Ed Mycue was asking in comments if I could post more Vietnam photos, so here is a selection taken mostly in & around Hanoi, with a few from Hue & Saigon (these latter mostly food). A few of the photos have gotten a little post production, but most are unretouched jpeg files. Some of these were taken with a Nikon D-90 & some with an iPhone. Most of the images are from 2010 & 2012; I’ll put together another gallery from my most recent trip one of these days. Click on an image to enlarge it.
My friends Long & Giang took me for lunch yesterday to a restaurant on Trấn Vũ beside Trúc Bạch Lake that specializes in Phở Cuốn, which is basically all the ingredients of a bowl of Phở Bò minus the liquid & rolled up in rice paper. It’s eaten by dipping in a slightly sour dipping sauce. This is the best thing I have eaten on this trip to Vietnam.
The restaurant is on a little island separated from the city by a narrow canal & Trúc Bạch is itself separated from the much larger & more famous Hồ Tây (West Lake) by a narrow causeway. After lunch we went down the street & drank coffee beside the lake.
At the singing competition the other night, most of the songs were sentimental tributes to the relationship between students and teachers, but maybe a quarter of them were in a genre the Vietnamese unselfconsciously call “nhạc đỏ,” red music. It is both frankly patriotic and martial. Imagine a genre of contemporary American pop based on Sgt. Barry Sadler’s “Ballad of the Green Berets,” complete with march time and military drumming.
Yesterday was National Teachers’ Day in Vietnam, a day on which Vietnamese college students return to their high schools & high school students to their elementary schools taking gifts to their former teachers. The night before last I was invited to a big party & singing competition at the International School of Hanoi National University. It was a lovely, typically Vietnamese affair, which is to say wonderfully welcoming & relentlessly cheerful. The International School is a success story during a difficult period for Vietnamese education.
The singing acts–all composed of students, faculty, or staff–varied in quality, from barely passable to semi-pro, & they went on for far too long. A lot of the songs advanced commonplace sentiments about the value of education & the importance of teachers, but by far the most popular combined such sentiments with a strongly patriotic, even martial, strain. This feels distinctly odd to liberal, Western ways of thinking about education, but it makes sense here given the strong Confucian & revolutionary / communist traditions of contemporary Vietnam. Indeed, the choreography & musical arrangements retained a hint of the Soviet aesthetic.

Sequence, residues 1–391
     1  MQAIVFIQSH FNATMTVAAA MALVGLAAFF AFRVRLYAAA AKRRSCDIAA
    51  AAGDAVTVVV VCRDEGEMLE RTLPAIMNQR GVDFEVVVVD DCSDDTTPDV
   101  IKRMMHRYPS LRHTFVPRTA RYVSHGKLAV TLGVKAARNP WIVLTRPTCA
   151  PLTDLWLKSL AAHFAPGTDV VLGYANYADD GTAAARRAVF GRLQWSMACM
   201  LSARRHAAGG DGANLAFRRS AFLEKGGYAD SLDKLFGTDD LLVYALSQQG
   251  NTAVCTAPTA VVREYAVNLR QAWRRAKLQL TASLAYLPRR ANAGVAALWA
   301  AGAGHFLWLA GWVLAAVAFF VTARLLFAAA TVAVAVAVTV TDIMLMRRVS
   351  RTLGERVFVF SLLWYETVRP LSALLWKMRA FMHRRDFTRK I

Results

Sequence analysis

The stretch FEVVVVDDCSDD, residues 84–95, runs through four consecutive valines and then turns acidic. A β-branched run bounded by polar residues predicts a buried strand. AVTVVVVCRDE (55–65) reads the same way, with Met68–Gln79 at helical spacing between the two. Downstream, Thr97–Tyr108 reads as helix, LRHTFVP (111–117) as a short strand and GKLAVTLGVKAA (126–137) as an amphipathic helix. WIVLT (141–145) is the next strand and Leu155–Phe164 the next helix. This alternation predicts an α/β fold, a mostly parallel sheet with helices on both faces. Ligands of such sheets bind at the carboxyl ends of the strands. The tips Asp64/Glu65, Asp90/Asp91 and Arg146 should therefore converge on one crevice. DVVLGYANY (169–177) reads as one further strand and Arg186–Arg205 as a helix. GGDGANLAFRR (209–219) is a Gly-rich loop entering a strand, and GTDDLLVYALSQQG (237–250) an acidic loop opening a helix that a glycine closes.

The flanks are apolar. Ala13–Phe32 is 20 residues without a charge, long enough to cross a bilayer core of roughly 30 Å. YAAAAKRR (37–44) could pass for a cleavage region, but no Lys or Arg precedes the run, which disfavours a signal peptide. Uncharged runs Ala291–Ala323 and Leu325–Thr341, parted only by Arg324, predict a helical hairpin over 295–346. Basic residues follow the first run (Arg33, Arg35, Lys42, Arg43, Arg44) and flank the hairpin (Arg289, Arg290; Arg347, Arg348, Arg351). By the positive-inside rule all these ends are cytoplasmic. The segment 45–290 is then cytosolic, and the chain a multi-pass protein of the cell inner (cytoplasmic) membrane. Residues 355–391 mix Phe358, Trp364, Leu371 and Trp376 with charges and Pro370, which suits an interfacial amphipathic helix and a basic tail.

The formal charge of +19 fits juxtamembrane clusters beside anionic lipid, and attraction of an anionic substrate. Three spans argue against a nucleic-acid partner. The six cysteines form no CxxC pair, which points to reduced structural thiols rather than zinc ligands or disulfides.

The Confucianism of Confucius is, as David Hinton notes,1 quite different from the Confucianism of that philosophy’s subsequent evolution:
The brand of Confucianism wielded throughout the centuries as power’s ideology of choice focused on select ideas involving selfless submission to authority: parental, political, masculine, historic, textual. And the “sacred” Ritual dimensions of these hierarchical relationships only made them that much more oppressive. It is this aspect of the Confucian tradition that has become so problematic in modern times, for intellectuals came to recognize it as the force that was preventing . . . modernization.
At the same time, and much in evidence on Teacher’s Day, were the Confucian virtues of filial piety & ritual. There was a great deal of sentimental celebration of teachers & parents–teachers being seen as auxiliary parents due virtually the same respect as one’s mother & father. The event, held in a hotel conference room, was in every sense a deployment of ritual, with many formulaic exchanges between teachers & administrators & between teachers & students. David Hinton, in his introduction to his translation of The Analects, writes:
It was in this context that Confucius extended the use of Ritual to include all the caring acts by which we fulfill our responsibilities to others in the community – hence the entire weave of everyday social life takes on the numinous aspect of the sacred.
The ritual mode is clearly evident in Vietnam in a way that surprises Western visitors, if they notice it at all. This can be as simple as the way one hands an object like a key or the change from a purchase to another person–with both hands & a slight bow. It is one of the things that draws me back again & again, despite the fact that I find some of the actual, formal rituals–like the singing contest–hard to throw myself into with the complete abandon of the Vietnamese. Even the retired Rector of the International School was still going strong after three hours. Which is about when I slipped out. There were a couple of other Americans in attendance & it was clear that we were unable to make the leap into sincere participation. Some of this is language, but not all. All cultures make use of ritual, some more consciously than others. Americans have plenty of rituals, but we generally don’t call them by that name and we do not cultivate them in the same way as the Vietnamese.